Thursday, 20 November 2008


Robert Fisk has been my favorite journalist since the first time I read him. Sorry, my friend Bartholomeus Grill, you must be great as well, at least considering all the prizes you have won, but you know how few opportunities I had to read your articles, mainly written for the German speaking audience (pity!).

So, Robert Fisk returned to Afghanistan after a 5-year absence. One must read him. He says in the end of the article:

"Barack Obama wants to send 7,000 more American troops to this disaster zone. Does he have the slightest idea what is going on in Afghanistan? For if he did, he would send 7,000 doctors."

Afghanistan has come to haunt me in the last 2 years, through different books, articles, talks (the one other place that did it to me: Rwanda). It IS an amazing place. One of the books I'd suggest is Christina Lamb's (herself a good journalist) "The sewing circle of Herat".

I remember the day of the NATO invasion of Afghanistan in 2001. We used to live here in Tanzania, before we moved to South Africa. That day, I had breakfast with my friend Nazrin, a person who knows much about people's suffering. I remember we wondered how could Bush's American government be so quick in bombing a country to revenge the attack to the towers in New York. The discourse was that bin-Laden was the culprit of the attack in NY and he was hiding in Afghanistan.

Talking about him, Mr bin-Laden. I had heard about him some months before the 09/11 when "coincidentally" he was put on Time Magazine's cover, as one of the biggest world dangers. In Afghanistan, the Taliban was becoming out of control, more and more criticism to US relations with a government that ran public executions on a daily basis was mounting up. Taliban's activities close to the border of Tajikistan was making Russia nervous. A coalition of the willing was already set-up when the towers in NY went down. It seems that an attack was already ready to be launched in October that year. I found a quote of Tony Blair's saying that:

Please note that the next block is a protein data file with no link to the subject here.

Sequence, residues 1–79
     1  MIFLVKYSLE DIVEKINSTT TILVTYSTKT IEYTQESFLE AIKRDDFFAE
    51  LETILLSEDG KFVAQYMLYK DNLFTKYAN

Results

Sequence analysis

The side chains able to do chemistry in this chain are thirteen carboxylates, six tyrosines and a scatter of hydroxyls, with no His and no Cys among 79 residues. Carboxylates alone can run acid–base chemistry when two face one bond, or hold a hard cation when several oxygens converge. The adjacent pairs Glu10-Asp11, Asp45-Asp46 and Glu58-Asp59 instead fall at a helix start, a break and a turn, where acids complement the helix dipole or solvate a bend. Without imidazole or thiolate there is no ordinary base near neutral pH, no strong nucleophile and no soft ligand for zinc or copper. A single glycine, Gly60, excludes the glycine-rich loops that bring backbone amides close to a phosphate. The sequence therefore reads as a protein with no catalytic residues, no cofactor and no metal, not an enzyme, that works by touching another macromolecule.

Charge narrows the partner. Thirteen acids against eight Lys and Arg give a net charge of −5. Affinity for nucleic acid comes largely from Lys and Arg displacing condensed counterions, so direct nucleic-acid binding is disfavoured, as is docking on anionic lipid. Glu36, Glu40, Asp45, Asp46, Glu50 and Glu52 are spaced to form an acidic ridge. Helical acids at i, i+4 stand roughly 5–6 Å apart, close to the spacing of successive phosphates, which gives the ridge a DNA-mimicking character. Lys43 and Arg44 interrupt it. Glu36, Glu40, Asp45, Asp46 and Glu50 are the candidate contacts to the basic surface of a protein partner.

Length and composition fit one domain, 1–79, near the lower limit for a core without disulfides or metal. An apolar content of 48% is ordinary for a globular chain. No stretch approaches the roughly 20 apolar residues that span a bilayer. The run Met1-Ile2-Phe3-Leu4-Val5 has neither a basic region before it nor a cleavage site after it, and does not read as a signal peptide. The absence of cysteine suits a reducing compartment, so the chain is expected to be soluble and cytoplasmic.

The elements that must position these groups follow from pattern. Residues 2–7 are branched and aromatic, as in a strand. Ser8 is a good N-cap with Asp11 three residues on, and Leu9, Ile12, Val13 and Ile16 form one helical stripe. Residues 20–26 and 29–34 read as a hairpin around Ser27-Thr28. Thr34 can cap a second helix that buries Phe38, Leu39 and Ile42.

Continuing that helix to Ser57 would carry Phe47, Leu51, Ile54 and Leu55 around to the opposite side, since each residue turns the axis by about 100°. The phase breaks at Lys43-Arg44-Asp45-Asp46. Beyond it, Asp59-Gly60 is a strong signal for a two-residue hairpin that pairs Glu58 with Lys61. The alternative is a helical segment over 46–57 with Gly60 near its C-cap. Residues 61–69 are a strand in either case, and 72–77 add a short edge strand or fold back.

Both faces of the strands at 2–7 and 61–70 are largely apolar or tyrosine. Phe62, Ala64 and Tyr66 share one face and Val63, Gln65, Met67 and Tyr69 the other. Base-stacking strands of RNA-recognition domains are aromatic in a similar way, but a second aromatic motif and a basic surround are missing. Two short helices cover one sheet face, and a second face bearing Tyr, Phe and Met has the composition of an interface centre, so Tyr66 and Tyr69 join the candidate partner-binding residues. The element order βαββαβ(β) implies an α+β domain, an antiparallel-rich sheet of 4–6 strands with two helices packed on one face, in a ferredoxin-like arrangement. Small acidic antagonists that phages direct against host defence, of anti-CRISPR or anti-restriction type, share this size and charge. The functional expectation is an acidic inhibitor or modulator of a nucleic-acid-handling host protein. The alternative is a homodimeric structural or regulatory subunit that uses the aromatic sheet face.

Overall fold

"To be truthful about it, there was no way we could have got the public consent to have suddenly launched a campaign on Afghanistan but for what happened on September 11." July 17, 2002

And now, I see the news on the Independent: girls being punished more regularly for going to school in Kandahar, everywhere. The Taliban is back.

As my friend Álvaro says, Karzai, the mayor of Kabul, has not enough power - even to call a meeting with the Taliban's leaders. The latter call the shots.

Robert Fisk recommends 7,000 doctors instead of 7,000 troops. Will Mr president elect Obama listen?

For more voices on sending more care and less violence, you must read "Three Cups of Tea", by Greg Mortenson.

Tuesday, 18 November 2008

Prioridades políticas brasileiras

O Anand disse que é mal, estúpido, e eu acredito. Mas vou ter que fazer mais pesquisas para saber exatamente que idéias estão por trás... De qualquer jeito, fico:

Assinem lá a petição direcionada à Câmara dos Deputados, para parar esta brincadeira.

Thursday, 13 November 2008


hoje recebi da Inês um power point presentation com várias fotos do nosso líder máximo em fotos enaltecedoras com a música de fundo "what a wonderful world".

aind bem que Álvaro e eu concordamos ontem que, sim, sim, duas coisas incríveis aconteceram: 1, os americanos saírem de frente da televisão pra se mobilizar na rua e 2, de facto, eleger um preto (em Moçambique dizer "negro"é mal, tem que dizer "preto"), meio estrangeiro, com um nome pra lá de não americano. Mas enfim, o gajo é 100% americano, Álvaro também concorda comigo, e como tal apoia a extração de petróleo no Alaska e uma invasãozinha no Iran.

vejo o povo a começar a embarcar. escrevo no aeroporto de Johannesburg, no caminho de casa, que é em Dar es Salaam, lembram-se? Por mais algum tempo.